Catawba River Falls Adventure
The Catawba is arguably the most important river in North Carolina. Its hydroelectric stations provide a sizable amount of the state’s electricity needs. It has two sources of its headwaters. One is located just south of the Blue Ridge Parkway near the Linville Falls community. This is called the Catawba North Fork. The other, appropriately called the South Fork, emerges from the high ridges along the Eastern Continental Divide just south, and over the ridge from the town of Black Mountain. Over the past three years, I have hiked to the lower falls on that creek four times, and have made the hazardous climb to the higher set of falls only once. My latest trip came just three weeks ago, with spring just beginning to appear in the gorge. The Catawba drops more than 600 feet in less than half a mile, rewarding the hiker with three sets of dramatic falls and cascades along the way. The lower part of the creek, below, shows the effect of erosion and rock falls over the past half a million years.
In 1923, this concrete dam was built to harness water that powered the electric generating powerhouse further down the gorge. It served Old Fort, North Carolina. Today the broken wall shows the power of rain and ice to reshape man’s intrusions. The powerhouse is now only rock walls covered over with vines and trees.
Just below the dam, above, is the first set of falls and a cascade. That’s my friend Bryan in a place where he shouldn’t be. These moss covered rocks can be very slick and dangerous. This was in early October.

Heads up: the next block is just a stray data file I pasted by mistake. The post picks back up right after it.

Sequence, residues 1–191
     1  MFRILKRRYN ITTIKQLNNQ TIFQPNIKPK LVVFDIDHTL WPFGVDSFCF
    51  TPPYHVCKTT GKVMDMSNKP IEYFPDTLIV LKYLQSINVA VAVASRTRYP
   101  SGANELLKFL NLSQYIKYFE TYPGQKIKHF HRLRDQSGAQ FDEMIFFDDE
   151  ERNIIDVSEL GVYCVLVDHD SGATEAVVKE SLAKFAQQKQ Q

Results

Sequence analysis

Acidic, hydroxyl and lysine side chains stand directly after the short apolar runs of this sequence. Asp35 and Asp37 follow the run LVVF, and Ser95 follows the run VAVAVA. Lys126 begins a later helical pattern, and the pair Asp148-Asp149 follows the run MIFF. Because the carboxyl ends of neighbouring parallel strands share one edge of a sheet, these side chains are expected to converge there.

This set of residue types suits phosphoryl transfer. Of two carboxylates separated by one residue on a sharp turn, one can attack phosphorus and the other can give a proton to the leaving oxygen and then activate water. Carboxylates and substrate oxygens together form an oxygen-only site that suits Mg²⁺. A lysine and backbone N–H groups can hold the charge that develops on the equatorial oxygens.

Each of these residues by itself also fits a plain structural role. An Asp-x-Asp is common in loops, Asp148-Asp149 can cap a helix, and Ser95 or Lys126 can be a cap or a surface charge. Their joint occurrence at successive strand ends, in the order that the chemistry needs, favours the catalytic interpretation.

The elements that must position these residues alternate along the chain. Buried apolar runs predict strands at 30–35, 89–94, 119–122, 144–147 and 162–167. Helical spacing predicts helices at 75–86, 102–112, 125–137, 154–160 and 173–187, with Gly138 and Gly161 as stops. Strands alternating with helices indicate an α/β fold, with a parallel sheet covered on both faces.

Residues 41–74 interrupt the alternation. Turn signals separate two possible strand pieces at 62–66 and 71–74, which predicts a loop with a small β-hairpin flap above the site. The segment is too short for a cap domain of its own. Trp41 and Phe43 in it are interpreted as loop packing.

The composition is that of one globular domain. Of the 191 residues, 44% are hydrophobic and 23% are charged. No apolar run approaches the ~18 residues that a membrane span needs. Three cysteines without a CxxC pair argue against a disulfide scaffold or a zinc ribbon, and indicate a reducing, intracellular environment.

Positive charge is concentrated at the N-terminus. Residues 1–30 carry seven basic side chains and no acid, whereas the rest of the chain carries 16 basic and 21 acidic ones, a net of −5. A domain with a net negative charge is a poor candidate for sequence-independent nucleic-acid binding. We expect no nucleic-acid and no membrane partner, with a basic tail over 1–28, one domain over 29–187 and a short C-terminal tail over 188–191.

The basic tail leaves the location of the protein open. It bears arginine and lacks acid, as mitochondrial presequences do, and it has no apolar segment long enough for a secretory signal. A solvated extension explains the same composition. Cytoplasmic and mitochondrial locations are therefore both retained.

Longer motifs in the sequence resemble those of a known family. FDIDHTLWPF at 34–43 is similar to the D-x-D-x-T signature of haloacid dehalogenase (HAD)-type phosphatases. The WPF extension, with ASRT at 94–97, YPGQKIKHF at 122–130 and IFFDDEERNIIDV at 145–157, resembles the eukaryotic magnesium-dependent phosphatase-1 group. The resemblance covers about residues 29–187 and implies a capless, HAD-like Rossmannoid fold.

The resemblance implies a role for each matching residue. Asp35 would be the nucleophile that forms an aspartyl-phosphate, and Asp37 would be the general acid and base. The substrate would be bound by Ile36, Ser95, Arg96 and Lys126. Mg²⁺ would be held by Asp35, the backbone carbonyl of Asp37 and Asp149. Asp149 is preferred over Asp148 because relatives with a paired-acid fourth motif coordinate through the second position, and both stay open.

The top 30 feet of the Lower Falls is covered in vegetation, giving it the appearance of a jungle “Shangri La”. This photo was made in early June after new vegetation had covered the mossy, wet rocks. The climb to get to this point is treacherous and not advisable for the weekend climber. The Forest Service is designing a new trail that will make these falls, and the higher “Upper Falls”, accessible to the regular hiker.
After scaling the vertical wall of rock, and clinging to roots and vines along the steep trail, you hear the sound of water, and you see the high falls through the woods. This photo is from early October, and autumn colors are already creeping into the gorge.
Moving closer, the beauty of these spectacular creations becomes more and more apparent. From this point, we climbed to the top of these falls, and found a flat meadow covered in wildflowers and giant trees. I’ll warn you that the trip back down was even more difficult than the climb to the top, but Spot the Black Lab stayed by our sides the entire way up and back.
Giant thickets of Carolina Rhododendron cover the walls of the gorge throughout the entire climb. Bryan was part of the overall grotto with a pool at the bottom. This was a weekday, and, except for Spot, we had the entire gorge to ourselves.